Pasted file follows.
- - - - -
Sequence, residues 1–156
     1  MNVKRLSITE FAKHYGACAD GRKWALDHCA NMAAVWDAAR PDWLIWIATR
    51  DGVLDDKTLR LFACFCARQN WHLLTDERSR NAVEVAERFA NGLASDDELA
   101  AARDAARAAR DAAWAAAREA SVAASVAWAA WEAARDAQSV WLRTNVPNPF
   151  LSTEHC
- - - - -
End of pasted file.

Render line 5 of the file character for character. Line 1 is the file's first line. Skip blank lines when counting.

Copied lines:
   151  LSTEHC